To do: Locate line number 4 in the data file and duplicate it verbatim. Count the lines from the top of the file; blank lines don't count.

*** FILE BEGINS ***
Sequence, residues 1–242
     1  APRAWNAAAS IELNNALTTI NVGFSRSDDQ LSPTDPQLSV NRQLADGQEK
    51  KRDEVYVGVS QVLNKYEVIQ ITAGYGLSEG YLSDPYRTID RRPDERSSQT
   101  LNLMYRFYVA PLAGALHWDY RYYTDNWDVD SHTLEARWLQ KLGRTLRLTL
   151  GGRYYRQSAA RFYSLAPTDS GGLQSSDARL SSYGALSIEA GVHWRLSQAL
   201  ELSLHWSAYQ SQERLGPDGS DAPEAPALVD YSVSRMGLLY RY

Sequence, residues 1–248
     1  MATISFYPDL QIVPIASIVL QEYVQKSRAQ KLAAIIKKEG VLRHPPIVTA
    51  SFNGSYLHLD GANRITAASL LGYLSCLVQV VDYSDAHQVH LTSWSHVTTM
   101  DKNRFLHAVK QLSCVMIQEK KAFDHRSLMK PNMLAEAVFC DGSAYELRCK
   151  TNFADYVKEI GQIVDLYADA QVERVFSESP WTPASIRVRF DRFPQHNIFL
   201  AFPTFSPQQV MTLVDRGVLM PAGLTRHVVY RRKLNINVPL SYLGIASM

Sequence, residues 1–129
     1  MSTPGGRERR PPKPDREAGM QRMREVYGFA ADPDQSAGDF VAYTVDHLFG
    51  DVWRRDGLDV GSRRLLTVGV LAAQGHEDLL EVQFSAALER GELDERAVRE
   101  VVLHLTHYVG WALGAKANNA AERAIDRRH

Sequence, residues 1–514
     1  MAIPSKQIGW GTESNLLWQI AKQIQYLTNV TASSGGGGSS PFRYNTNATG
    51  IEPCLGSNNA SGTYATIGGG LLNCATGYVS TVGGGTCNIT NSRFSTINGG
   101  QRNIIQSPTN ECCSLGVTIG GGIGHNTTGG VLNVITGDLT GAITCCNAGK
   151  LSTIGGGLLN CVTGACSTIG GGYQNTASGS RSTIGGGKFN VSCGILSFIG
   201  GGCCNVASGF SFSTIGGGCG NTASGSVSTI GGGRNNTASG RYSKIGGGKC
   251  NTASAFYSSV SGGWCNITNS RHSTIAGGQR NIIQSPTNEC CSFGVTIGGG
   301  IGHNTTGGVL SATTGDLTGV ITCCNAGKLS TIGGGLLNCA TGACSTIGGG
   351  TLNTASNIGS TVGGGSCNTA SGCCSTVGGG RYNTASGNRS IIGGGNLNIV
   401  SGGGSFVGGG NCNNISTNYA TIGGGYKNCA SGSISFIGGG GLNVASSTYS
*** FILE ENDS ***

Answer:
   101  LNLMYRFYVA PLAGALHWDY RYYTDNWDVD SHTLEARWLQ KLGRTLRLTL